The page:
The Virginian-Pilot
                             THE VIRGINIAN-PILOT 

              Copyright (c) 1997, Landmark Communications, Inc.

DATE: Saturday, January 4, 1997             TAG: 9701040009

SECTION: FRONT                   PAGE: A11  EDITION: FINAL 

TYPE: Opinion 

SOURCE: Kerry Dougherty 

                                            LENGTH:   69 lines


When my husband crept into bed at 2 o'clock the other morning, he mumbled something about having dozed off in front of the television set.

I believed him.

But later the next day I overheard him confiding to our 6-year-old son: ``You'll never believe what I did last night. I got past the cave.''

My son's eyes grew round with disbelief and admiration. ``What was it like?'' he asked.


Since it came into our lives it has separated the men from the women, the girls from the boys.

Santa Claus decided the 6-year-old in our house needed a Nintendo, so on Christmas morning there it was - the almost-obsolete Super Nintendo (who could afford the Nintendo 64 everyone was talking about?) complete with a Donkey Kong game.

Life hasn't been the same for the males in my household since.

Minutes after the wrapping paper came off, my brother-in-law bounded up the stairs to connect it to the television set.

He didn't come back for four hours and almost missed Christmas dinner. It wasn't the hookup that was so time-consuming. He was hooked.

Every time I turn around the men are missing. They've lost interest in normal activities like eating, sleeping and walking the dog in favor of pushing tiny buttons on a control panel. But it's not an entirely unphysical game - their legs twitch furiously while their fingers work the controls.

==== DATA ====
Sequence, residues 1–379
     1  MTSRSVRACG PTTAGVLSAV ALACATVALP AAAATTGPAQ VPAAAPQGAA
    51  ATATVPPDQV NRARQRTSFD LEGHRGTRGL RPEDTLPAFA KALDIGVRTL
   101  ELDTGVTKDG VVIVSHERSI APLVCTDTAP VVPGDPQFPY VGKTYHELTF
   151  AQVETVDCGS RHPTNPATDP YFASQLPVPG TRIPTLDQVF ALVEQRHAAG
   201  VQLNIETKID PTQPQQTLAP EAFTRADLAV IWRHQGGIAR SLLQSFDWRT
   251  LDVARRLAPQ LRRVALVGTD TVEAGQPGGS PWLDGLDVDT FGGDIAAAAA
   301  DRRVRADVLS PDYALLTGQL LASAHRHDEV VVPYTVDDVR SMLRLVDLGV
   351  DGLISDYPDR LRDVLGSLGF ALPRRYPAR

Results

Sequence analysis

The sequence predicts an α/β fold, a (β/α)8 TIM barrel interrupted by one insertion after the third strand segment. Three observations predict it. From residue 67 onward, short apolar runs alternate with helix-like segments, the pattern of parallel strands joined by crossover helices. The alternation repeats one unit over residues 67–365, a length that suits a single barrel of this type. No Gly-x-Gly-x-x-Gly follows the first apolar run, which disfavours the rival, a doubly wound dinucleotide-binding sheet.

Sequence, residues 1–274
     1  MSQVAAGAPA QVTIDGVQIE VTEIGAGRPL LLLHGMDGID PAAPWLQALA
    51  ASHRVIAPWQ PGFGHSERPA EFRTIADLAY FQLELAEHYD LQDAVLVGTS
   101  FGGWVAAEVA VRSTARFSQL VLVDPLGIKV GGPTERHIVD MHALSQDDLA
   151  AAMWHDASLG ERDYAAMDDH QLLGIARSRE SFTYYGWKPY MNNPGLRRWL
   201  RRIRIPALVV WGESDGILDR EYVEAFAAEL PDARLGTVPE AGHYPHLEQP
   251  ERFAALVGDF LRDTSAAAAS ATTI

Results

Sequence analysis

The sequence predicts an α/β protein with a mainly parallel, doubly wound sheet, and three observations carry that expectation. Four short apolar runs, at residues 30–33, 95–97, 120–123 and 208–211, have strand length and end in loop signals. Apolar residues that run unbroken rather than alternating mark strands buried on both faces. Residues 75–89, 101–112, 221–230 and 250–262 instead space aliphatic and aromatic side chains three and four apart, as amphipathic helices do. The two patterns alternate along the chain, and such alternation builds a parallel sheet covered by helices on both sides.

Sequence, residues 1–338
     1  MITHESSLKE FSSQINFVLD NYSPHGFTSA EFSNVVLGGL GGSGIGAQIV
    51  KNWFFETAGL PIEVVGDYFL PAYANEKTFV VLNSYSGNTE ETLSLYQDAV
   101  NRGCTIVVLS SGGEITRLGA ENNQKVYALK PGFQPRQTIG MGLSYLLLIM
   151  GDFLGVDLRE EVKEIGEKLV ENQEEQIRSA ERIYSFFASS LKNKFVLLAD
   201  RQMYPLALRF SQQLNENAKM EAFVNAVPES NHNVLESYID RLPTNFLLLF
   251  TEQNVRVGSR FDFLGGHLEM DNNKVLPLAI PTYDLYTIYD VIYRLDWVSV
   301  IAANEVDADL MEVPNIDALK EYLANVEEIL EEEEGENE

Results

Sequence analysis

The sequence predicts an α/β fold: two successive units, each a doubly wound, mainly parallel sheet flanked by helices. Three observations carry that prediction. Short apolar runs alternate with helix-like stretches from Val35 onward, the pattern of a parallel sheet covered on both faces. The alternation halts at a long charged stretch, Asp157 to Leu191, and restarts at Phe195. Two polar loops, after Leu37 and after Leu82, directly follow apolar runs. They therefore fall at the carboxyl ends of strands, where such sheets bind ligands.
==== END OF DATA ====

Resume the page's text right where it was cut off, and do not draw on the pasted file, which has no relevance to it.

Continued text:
Last weekend I sent my daughter up to the television room to fetch the guys for dinner. She returned, alone and dejected. ``They'll be down as soon as they lose another life,'' she said.

This is clearly a gender thing. My 8-year-old daughter, a cyberspace whiz and a demon at computer solitaire and chess, tried Nintendo once, shrugged her shoulders and left the room.

But my husband, his brother and my son - who, for some reason calls it ``pretendo'' - are already addicted. This is bad news in a house that is decidedly television-deprived. We have just two sets - one that is on its flickering last legs in our guest room and the other in a drafty, slope-floored playroom. We are not a family of television watchers. But with Nintendo in our house, we've lost all hope of ever again seeing the Discovery Channel or PBS or CNN.

In fact, late one night over the Christmas holidays I went down to the television room for a session on my treadmill only to find my brother-in-law breathlessly bouncing a gorilla into the air to retrieve bananas (hmmm, what would Sigmund Freud have to say about all this anyway?)

I was too polite to tell him that I usually watch the news while I sweat, so instead I got a full 30-minute Donkey Kong workout.

It's confusing.

First of all, there are no donkeys. It seems the entire game is a misnomer. Legend has it that the Japanese wonk who developed the game made a mistake when translating the Japanese for ``Monkey Kong'' into English. By the time the error was discovered millions of labels had already been printed.

And there are two apes. One follows the other, but the person with the Nintendo can move only one. Frankly, this aping makes me more nervous than having someone read over my shoulder while I'm working on my computer.

Even more annoying is this little cheerful riff of music that plays over and over and over as the apes bounce their way through various reptile-infested obstacle courses and leap for higher and higher bananas.

Pretendo - oops, Nintendo - invaded our house almost two weeks ago and I still haven't gotten a chance to try it.

I'm not worried. Only men seem to get hooked on simians chasing bananas. I'm sure I could play a game and still get to bed before midnight. MEMO: Ms. Dougherty is an editorial writer for The Virginian-Pilot.

by CNB